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What is heparin?

Heparin is a medication that is used to treat and prevent blood clots in the veins, arteries and lungs. It may be used before surgery or dialysis to reduce the risk for blood clots. Heparin is a type of medication called an anticoagulant, or a "blood thinner." It works by improving the function of an anti-clotting protein that your body makes naturally, which helps blood flow more smoothly. Heparin is either injected into your vein or under your skin by a healthcare professional in a hospital or clinic, or you may be told to inject the medication by yourself at home. If you will be injecting heparin yourself, a healthcare provider will show you how to inject the medication. Talk to your doctor to determine whether heparin is right for you.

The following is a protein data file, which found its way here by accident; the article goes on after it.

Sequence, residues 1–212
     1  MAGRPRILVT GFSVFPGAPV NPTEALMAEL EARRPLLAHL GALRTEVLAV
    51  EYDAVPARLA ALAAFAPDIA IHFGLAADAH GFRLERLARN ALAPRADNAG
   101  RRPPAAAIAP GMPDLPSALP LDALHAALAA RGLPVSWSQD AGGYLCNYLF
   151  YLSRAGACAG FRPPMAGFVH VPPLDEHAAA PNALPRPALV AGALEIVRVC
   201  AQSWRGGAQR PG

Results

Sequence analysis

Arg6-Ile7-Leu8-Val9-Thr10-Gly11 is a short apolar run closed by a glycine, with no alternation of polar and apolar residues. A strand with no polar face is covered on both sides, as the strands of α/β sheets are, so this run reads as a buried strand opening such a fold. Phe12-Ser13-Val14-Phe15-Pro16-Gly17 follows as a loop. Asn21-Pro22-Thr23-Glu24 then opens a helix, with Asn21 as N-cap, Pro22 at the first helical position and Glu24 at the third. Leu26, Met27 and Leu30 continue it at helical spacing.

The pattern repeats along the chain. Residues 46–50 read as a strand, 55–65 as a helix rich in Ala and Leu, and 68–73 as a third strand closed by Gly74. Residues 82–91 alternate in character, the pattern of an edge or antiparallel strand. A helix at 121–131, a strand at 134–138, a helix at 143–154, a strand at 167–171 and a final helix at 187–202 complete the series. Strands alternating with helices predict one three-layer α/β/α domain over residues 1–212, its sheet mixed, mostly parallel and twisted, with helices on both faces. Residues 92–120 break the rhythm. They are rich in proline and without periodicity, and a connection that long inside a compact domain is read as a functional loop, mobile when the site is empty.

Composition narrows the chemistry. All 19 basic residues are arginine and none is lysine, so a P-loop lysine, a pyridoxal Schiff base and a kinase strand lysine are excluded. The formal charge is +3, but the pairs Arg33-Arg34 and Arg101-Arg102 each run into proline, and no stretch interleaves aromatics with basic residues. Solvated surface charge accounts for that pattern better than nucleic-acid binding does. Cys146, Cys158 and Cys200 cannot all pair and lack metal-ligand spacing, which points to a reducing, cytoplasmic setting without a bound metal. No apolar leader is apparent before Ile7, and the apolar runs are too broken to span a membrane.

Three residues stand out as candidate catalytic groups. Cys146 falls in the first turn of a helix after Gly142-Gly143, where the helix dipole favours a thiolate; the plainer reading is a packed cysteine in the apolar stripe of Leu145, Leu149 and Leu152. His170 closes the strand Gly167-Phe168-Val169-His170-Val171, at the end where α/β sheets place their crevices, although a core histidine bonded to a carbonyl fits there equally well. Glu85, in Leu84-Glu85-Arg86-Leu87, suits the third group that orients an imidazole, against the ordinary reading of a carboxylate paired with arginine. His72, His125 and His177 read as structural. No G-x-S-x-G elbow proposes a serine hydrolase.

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Important: This content reflects information from various individuals and organizations and may offer alternative or opposing points of view. It should not be used for medical advice, diagnosis or treatment. As always, you should consult with your healthcare provider about your specific health needs.